Delta Mayor 'concerned' bridge to replace George Massey tunnel won't move forward
Change in provincial government leaves future of Metro Vancouver transit plan unclear
With all of the uncertainty in B.C. provincial politics, Delta Mayor Lois Jackson fears the controversial bridge to replace the Massey tunnel may not move forward.
"I'm very concerned about its continued construction," Jackson told CBC News Tuesday.
"It has been 5 or more years in the actual planning phase and construction is imminent."
The B.C. Liberals had planned to replace the George Massey Tunnel with a $3.5 billion bridge.
Now, with the NDP and the B.C. Green party working together in the province's first minority government in decades, the future of projects like the bridge is unclear.
During the campaign, Green Party leader Andrew Weaver said it would be a better idea to twin the current tunnel instead of building a bridge, while the B.C. NDP said it would defer to Metro Vancouver mayors on the decision.
Many Metro Vancouver mayors spoke out against the project last summer, saying the bridge was "car-oriented" and diverting money from public transit and other transportation priorities.
Jackson — who supports the bridge plan — is now worried the project will be scrapped.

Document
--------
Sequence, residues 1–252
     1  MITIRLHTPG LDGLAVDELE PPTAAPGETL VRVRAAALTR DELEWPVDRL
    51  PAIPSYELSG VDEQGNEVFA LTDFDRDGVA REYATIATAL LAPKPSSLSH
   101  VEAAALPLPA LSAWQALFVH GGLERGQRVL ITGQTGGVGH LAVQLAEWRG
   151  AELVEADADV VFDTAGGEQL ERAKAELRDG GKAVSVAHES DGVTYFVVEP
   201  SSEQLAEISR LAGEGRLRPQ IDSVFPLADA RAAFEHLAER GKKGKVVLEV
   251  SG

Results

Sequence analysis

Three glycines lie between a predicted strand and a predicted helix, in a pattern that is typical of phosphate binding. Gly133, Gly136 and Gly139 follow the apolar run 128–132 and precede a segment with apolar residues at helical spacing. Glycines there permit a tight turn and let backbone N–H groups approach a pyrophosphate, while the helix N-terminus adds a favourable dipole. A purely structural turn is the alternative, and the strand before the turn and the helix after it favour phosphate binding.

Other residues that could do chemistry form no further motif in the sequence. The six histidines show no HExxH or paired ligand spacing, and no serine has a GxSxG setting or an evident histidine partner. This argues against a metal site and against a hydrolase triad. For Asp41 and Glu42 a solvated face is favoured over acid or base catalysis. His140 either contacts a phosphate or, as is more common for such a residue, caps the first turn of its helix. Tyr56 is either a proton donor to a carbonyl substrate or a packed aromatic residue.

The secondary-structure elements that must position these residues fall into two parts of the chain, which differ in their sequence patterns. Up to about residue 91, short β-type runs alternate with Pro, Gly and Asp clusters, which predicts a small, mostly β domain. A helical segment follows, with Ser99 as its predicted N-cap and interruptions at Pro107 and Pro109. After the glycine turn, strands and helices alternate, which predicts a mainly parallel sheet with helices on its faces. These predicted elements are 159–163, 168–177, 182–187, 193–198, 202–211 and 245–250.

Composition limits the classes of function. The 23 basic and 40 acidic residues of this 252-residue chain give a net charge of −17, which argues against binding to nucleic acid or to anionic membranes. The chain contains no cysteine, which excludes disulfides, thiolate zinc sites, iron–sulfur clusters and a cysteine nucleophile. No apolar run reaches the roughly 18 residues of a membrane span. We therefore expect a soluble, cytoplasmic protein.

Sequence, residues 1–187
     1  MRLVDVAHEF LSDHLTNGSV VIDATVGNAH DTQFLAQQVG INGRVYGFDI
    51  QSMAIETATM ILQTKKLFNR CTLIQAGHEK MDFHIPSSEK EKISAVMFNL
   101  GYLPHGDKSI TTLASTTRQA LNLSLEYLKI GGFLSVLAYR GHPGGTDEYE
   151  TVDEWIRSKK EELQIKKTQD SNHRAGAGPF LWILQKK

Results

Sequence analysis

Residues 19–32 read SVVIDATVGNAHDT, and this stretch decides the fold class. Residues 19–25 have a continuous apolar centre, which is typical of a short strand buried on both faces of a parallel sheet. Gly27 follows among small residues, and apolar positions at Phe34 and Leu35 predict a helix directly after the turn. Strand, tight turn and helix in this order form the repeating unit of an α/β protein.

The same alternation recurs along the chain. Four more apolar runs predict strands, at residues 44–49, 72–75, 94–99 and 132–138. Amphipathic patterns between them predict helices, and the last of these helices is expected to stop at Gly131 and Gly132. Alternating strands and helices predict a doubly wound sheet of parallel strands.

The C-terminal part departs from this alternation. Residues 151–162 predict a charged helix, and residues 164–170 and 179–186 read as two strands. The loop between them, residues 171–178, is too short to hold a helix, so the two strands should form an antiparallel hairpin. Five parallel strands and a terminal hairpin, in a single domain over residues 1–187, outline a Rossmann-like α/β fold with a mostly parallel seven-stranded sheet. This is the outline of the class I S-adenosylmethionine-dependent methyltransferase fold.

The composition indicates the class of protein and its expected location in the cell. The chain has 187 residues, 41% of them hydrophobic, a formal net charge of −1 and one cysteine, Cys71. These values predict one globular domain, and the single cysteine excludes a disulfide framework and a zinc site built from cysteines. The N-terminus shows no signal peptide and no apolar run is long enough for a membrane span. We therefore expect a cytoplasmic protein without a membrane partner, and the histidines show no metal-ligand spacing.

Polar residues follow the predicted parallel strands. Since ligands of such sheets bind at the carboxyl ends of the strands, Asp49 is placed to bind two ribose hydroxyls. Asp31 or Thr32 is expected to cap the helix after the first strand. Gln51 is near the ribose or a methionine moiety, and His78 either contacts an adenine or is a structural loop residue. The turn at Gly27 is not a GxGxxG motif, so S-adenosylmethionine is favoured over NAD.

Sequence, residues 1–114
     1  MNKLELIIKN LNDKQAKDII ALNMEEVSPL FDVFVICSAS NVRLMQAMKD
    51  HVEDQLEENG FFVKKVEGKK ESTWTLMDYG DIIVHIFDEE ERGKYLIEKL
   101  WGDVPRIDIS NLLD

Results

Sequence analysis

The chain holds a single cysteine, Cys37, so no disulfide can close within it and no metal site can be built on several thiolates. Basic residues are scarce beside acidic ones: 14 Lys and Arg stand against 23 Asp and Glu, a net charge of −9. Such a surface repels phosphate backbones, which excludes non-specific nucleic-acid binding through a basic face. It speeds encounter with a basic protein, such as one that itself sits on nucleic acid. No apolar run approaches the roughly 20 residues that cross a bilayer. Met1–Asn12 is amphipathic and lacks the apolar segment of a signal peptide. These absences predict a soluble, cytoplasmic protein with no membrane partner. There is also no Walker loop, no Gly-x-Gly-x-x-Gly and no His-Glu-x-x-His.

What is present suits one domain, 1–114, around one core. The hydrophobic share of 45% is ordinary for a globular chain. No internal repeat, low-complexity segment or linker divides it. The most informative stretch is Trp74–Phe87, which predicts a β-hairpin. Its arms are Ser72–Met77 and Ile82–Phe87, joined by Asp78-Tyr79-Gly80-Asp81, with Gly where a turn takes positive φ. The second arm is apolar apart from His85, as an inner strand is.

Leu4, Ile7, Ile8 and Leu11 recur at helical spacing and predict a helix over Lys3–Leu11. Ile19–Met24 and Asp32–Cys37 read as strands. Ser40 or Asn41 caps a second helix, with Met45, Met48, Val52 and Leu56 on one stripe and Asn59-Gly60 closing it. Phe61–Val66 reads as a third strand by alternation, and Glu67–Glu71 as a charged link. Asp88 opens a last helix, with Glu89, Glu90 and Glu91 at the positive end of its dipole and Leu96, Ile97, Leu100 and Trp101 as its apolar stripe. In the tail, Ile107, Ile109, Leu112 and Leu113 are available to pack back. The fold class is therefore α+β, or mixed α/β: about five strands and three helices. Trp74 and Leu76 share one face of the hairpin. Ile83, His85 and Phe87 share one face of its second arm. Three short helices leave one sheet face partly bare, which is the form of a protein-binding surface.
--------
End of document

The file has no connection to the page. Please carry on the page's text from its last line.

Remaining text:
"As far as its future is concerned it's everybody's guess as to what will occur."
New Westminster Mayor Jonathan Coté said he hopes the next government will focus on the priorities outlined by the Mayors' Council — including improvements to the Pattullo Bridge.
"Our concern has been watching the Massey Tunnel leapfrog the Pattullo Bridge even though we all know that bridge has reached its life expectancy and needs to be taken care of immediately," he said.
"We think the priority is working on that particular piece of infrastructure while continuing to have those discussions about Massey."
Jackson hopes the political uncertainty dissipates so Metro mayors can move forward with transit planning.
"You can't move ahead with a plan of any type if you have relied on provincial funding or provincial approval for funding," she said.
"Only time will tell how that will unfold. These are very interesting times. Minority governments are very difficult times to move ahead with any projects."